Toronto, ON, November 27, 2023 — While interest rate hikes are slowing down, Canadians are continuing to feel the pressures of inflation, not only in their personal finances but in their mental health as well. As more Canadians are becoming concerned with their level of debt, those who have been struggling with their debt are being pushed to where they are feeling a sense of social anxiety and stress.
Amidst Rising Interest Rate, a third of Canadians are paying more on their debt payments
Overall, a third of Canadians (34%) have reported paying more in their monthly debt payments compared to a year ago. Two in 10 Canadians are paying more than $200 in additional debt payments compared to a year ago (17%), higher among those with $60K or greater income and those ages 35-54. Notably, those who say they do not have a solid understanding of interest rate increases and the impact on their finances are less likely to have debt (37%) than those who are aware (29%).
Inflation Causing Isolation, Mental Health Concerns among Many Canadians
Inflation and high-interest rates appear to be causing an “inflation isolation” phenomenon, as half of Canadians are staying home more often (51%) and a third are spending less time socializing (35%) or with friends to save money (30%). This has also led one in five Canadians to feel a sense of social isolation (20%) or a sense of loneliness (19%). In addition, four in 10 have also noted that the current economic conditions have led to increased stress (42%) and anxiety (39%).
Younger Canadians and females are significantly more likely to feel increased stress and anxiety due to the current economic situation than their counterparts, while males are significantly more likely to say inflation and interest rates are not impacting them in any way. Younger Canadians and those with an income of less than $40K are most likely to spend less time socializing and with friends which directly affects their increased sense of social isolation and loneliness.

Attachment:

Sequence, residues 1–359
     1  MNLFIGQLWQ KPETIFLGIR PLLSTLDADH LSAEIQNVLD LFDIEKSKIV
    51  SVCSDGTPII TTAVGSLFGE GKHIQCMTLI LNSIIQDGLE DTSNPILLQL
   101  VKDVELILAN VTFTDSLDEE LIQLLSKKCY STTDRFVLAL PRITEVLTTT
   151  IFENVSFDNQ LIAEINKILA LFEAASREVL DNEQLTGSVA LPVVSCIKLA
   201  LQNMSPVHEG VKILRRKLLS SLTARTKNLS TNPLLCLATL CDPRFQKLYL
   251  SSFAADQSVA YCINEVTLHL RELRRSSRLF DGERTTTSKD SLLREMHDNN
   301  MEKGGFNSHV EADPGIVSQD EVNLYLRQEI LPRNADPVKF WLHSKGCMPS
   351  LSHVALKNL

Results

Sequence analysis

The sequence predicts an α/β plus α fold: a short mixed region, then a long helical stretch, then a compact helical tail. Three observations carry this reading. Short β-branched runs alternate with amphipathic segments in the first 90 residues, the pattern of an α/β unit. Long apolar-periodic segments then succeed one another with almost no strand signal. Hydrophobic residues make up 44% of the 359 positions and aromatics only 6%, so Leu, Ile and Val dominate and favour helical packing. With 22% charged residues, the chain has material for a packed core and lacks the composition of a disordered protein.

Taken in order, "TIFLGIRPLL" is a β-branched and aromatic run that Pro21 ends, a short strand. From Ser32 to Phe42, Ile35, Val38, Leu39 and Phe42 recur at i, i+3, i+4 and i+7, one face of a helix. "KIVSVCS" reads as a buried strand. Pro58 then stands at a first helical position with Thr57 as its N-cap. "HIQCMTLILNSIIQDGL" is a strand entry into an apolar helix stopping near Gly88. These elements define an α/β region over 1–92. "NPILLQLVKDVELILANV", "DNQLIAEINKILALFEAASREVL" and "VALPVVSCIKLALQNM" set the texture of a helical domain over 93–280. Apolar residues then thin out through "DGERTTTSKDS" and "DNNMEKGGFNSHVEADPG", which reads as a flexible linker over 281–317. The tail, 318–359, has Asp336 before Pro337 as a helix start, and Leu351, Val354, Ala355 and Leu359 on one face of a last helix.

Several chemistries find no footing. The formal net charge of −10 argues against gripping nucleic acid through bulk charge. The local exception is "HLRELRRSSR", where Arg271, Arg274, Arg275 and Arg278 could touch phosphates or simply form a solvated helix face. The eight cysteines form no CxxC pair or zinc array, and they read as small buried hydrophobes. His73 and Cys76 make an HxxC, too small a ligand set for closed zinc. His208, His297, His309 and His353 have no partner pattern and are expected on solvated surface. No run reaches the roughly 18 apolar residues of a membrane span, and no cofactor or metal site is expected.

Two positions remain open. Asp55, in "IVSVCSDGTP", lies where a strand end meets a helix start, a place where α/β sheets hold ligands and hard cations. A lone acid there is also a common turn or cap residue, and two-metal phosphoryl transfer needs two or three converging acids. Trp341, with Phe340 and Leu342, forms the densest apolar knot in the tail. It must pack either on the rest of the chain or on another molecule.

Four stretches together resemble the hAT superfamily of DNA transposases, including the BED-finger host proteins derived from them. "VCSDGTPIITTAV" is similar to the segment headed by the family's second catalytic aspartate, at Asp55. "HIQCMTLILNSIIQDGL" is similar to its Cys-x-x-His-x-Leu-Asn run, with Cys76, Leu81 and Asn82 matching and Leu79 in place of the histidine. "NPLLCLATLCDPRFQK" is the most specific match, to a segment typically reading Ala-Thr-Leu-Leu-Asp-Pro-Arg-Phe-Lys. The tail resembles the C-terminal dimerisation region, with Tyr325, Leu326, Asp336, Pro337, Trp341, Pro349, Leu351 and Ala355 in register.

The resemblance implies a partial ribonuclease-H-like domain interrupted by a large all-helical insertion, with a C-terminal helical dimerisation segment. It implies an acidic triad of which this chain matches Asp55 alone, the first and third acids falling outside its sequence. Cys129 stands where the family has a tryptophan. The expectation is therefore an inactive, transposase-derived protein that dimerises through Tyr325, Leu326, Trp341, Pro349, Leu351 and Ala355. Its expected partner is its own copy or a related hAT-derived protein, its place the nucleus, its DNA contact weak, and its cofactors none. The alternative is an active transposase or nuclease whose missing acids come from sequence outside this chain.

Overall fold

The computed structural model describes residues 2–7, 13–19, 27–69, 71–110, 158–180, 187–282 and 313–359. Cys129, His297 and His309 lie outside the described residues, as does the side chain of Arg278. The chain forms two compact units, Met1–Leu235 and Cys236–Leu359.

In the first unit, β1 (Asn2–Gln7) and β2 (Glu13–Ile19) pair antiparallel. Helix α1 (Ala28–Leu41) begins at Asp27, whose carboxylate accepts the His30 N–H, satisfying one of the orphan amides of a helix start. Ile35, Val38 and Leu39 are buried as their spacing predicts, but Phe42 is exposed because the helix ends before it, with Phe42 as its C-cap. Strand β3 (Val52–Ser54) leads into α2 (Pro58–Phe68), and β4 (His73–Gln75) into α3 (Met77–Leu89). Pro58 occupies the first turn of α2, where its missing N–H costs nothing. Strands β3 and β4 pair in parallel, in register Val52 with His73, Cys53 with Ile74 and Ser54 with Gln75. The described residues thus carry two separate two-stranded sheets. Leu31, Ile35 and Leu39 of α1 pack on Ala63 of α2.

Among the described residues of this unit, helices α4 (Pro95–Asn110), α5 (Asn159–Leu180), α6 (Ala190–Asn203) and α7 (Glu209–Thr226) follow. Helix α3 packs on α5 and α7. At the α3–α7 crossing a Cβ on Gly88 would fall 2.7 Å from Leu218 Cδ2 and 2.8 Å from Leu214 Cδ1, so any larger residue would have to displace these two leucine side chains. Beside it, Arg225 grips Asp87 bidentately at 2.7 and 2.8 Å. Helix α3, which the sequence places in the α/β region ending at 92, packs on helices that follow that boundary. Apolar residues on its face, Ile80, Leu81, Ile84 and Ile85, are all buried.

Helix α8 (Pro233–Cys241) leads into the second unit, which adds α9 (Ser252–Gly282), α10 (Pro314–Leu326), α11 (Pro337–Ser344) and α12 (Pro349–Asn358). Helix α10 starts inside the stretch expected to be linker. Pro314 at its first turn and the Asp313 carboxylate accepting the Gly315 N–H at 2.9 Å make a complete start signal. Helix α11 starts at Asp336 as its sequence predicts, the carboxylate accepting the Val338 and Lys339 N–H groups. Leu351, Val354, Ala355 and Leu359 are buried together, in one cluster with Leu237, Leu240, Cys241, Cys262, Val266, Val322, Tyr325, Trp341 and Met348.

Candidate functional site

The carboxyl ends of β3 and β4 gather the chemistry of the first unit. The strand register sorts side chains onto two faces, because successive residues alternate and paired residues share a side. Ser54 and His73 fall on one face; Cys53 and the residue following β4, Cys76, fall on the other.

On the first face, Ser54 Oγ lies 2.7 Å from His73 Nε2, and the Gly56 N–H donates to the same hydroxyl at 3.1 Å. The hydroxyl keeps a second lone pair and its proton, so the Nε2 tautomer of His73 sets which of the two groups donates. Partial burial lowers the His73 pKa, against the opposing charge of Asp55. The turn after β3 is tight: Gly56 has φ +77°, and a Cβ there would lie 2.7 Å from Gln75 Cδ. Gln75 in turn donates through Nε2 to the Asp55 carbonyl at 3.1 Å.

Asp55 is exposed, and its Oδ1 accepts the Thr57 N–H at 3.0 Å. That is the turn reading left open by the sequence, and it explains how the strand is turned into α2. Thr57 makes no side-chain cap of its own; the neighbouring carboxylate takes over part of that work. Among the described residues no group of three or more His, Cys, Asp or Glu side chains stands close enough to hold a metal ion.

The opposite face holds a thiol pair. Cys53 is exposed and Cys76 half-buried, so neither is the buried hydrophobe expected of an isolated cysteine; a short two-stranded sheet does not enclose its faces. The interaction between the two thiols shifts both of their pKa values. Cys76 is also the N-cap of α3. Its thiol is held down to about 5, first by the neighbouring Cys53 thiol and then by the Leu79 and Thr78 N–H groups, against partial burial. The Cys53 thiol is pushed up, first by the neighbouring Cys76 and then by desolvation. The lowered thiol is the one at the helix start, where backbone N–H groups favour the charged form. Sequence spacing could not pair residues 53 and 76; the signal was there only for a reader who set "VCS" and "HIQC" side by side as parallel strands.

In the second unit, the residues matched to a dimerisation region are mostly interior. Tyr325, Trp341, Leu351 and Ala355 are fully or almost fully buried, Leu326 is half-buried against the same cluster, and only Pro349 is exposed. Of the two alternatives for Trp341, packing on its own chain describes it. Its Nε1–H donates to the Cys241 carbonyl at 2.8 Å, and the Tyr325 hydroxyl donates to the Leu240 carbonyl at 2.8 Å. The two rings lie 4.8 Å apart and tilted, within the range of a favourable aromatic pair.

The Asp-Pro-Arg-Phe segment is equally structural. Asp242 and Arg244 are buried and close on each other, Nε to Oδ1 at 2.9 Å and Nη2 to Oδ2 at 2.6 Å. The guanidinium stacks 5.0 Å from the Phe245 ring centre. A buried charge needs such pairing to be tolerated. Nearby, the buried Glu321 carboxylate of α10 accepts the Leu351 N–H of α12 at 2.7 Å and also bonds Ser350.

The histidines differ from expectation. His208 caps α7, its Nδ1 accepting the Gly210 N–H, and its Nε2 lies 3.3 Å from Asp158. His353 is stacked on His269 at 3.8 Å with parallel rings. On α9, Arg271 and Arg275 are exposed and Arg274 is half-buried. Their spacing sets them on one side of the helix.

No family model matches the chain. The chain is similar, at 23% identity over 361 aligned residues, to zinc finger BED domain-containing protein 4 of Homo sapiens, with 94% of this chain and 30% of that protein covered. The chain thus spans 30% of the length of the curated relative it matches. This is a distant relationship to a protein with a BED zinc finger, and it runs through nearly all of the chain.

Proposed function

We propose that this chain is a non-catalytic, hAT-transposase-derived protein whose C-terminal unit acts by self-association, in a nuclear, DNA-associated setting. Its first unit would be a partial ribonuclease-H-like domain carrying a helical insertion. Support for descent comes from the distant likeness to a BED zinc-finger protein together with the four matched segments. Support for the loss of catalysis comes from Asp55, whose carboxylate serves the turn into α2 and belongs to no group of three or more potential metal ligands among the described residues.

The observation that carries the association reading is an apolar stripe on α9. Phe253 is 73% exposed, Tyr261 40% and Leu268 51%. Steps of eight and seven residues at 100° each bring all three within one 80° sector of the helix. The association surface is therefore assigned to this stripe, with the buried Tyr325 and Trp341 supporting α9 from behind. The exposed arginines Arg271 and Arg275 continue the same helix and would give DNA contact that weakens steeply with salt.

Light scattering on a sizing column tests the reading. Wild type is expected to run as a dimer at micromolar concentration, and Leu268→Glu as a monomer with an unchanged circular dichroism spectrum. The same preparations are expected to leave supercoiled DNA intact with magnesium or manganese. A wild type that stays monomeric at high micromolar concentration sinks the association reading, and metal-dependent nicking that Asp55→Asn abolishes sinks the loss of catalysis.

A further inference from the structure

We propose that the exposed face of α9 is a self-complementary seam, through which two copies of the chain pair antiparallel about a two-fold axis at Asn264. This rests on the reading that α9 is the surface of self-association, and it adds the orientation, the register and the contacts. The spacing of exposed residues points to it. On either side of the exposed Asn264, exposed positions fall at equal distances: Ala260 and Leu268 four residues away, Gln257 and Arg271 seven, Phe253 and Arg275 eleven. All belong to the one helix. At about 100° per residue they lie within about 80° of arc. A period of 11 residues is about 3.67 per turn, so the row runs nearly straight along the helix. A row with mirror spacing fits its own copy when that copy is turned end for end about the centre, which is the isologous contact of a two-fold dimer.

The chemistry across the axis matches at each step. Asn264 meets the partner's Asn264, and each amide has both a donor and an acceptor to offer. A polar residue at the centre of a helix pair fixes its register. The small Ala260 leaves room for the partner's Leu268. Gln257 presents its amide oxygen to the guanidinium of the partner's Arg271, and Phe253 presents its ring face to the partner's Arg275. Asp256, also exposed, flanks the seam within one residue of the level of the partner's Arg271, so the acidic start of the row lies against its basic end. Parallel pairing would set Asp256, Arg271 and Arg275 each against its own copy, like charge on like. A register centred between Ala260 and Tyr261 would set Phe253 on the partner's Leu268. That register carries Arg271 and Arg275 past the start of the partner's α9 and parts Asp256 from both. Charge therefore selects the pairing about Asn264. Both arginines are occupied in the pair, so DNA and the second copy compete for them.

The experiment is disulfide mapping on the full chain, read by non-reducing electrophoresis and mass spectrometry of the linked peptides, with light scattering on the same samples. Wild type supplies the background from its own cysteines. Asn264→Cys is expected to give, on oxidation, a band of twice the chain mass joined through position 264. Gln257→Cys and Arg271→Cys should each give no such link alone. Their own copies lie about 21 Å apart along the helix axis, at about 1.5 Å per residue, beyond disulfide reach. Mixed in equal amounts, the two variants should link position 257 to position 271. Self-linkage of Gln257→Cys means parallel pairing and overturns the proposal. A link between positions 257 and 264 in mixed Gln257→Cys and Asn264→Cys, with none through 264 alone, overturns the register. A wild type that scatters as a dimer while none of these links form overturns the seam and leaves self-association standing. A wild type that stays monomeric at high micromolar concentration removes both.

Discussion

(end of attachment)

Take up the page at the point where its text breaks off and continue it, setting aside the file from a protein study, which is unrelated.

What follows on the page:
Furthermore, among Canadians who have rated their personal debt terrible, they are significantly more likely to feel increased stress (77%), anxiety (72%), stay home more often (72%), and spend less time socializing (55%) or with family (33%) to save money as opposed to those who rated their personal debt as excellent. Similar trends apply to Canadians who regret the amount of debt they have taken on, are concerned with the impacts of rising interest rates, and those are who are currently concerned about their level of debt.
About the Study
These are some of the findings of an Ipsos poll conducted between September 5-8 2023, on behalf of MNP LTD. For this survey, a sample of 2,000 Canadians aged 18 years and over was interviewed. Weighting was then employed to balance demographics to ensure that the sample's composition reflects that of the adult population according to Census data and to provide results intended to approximate the sample universe. The precision of Ipsos online polls is measured using a credibility interval. In this case, the poll is accurate to within ±2.5 percentage points, 19 times out of 20, had all Canadian adults been polled. The credibility interval will be wider among subsets of the population. All sample surveys and polls may be subject to other sources of error, including, but not limited to coverage error, and measurement error.
For more information about the MNP Consumer Debt Index, please visit mnpdebt.ca/CDI.
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Senior Vice President, Canada, Public Affairs
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